WHEELING, West Virginia — From the minute he walked into the Catholic Charities Neighborhood Center in Wheeling, Archbishop William E. Lori said he could “sense not only services and good things being done for people with needs, but a sense of welcome.”

He felt “the affirmation of human dignity,” the Baltimore archbishop said following a visit to the center on a Saturday in March.

Lori, who is apostolic administrator of the Diocese of Wheeling-Charleston, was accompanied by Beth Zarate, CEO of Catholic Charities West Virginia, and board members from across the state.

“We are very grateful to Archbishop Lori for his generosity of time,” Zarate said. “His commitment to encounter the people of West Virginia, to include Catholic Charities’ services, is inspiring and appreciated.”

Grant Coleman, interim coordinator of the neighborhood center, began the tour as clients were finishing up breakfast. Both breakfast and dinner are served daily, he said, to about 170 people. This is a service, he noted, that could not be provided without the support of local businesses.

“We get a ton of donations from the local community,” Coleman said. Most donations come from Reisbeck’s supermarket, Walmart, Target and Panera Bread.

Providing food for the hungry is a large part of the center’s ministry. It takes a total of 300 volunteers to prepare, package and then deliver meals to shut-ins throughout the region. Most of the people served, Coleman said, are people who do not qualify for services elsewhere.

Coleman led the group into the center’s food pantry, which is meeting a great need in the community, he said. “Every Tuesday and Thursday, we open this up to about 400 to 500 families a month,” he said. Families sign up to receive provisions and are able to fill a box of food.

Project HOPE/Wheeling-Ohio County Health Department operates a public health homeless outreach health care clinic under the direction of two medical doctors and a registered nurse.

Primary health services include general medical exams, over the counter medication dispensing, general health consultation, referrals and other services. Clients served by Project HOPE are required to pay for services. Wheeling Hospital provides medications for the clinic at no charge.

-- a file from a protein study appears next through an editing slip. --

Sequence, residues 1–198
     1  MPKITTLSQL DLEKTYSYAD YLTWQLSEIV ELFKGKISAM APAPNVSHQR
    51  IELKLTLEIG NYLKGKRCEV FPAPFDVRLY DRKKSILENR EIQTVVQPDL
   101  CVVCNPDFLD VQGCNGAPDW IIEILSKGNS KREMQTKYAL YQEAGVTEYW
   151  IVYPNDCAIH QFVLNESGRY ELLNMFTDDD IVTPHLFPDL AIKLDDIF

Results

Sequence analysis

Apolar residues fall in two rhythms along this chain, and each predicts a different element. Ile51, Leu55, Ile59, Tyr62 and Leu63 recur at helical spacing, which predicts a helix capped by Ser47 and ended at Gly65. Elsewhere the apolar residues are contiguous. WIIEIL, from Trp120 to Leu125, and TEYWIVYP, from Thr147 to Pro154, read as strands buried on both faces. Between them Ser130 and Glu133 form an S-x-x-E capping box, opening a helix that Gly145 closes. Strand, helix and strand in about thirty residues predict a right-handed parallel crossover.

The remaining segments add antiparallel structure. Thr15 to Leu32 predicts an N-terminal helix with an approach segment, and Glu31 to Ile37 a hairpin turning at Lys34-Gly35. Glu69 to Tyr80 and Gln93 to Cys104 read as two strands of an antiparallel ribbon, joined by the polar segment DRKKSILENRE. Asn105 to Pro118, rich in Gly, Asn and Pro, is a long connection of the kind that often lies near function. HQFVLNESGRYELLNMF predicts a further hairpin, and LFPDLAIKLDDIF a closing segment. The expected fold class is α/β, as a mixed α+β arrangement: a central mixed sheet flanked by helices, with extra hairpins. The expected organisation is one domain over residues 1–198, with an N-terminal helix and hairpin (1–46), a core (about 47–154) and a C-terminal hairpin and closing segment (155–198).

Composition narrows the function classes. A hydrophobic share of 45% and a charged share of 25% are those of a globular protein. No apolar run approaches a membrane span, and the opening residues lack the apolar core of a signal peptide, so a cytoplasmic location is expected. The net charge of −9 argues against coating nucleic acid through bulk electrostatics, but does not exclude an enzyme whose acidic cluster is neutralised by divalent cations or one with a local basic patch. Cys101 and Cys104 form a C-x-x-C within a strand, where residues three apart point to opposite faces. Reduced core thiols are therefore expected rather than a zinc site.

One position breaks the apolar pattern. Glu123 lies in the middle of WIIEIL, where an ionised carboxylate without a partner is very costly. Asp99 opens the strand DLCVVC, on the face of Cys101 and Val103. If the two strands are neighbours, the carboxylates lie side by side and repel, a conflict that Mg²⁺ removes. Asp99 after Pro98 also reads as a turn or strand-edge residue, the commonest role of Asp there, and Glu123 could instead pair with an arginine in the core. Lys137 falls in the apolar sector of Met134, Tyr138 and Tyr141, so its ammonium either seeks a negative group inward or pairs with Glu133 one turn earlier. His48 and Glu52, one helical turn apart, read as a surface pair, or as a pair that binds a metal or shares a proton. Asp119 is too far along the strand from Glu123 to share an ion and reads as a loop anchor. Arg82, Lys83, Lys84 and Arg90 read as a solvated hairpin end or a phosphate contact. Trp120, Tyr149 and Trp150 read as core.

Eye care is provided at the center by Lenscrafters, the Anwar Eye Center and the Lions Club.

The center also offers Hospitality House, which is transitional housing for families going through hard times. Families have a safe and clean private residence for up to six months; they receive help establishing services available to them and also get assistance with the steps they need to get back on their feet, program officials said.

The center was founded in 1969 and, since then, has been providing an array of services to those in need. The center annually serves more than 80,000 meals in house and through its meal delivery program. Daily services include breakfast and dinner, laundry, showers, phone service and children’s services.

Additional help includes case management, the food pantry, enrollment in the federal Supplemental Nutrition Assistance Program, assistance with utilities and cleaning supplies.

“The center continues to operate with hundreds of volunteers who give their time and boundless unconditional love,” Zarate said. “There is no greater power than the passion of these servant hearts. Catholic Charities is committed to best practices in social work to move people forward and to stability, honoring the dignity and uniqueness of each individual we encounter.”

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Rowan is executive editor of The Catholic Spirit, newspaper of the Diocese of Wheeling-Charleston.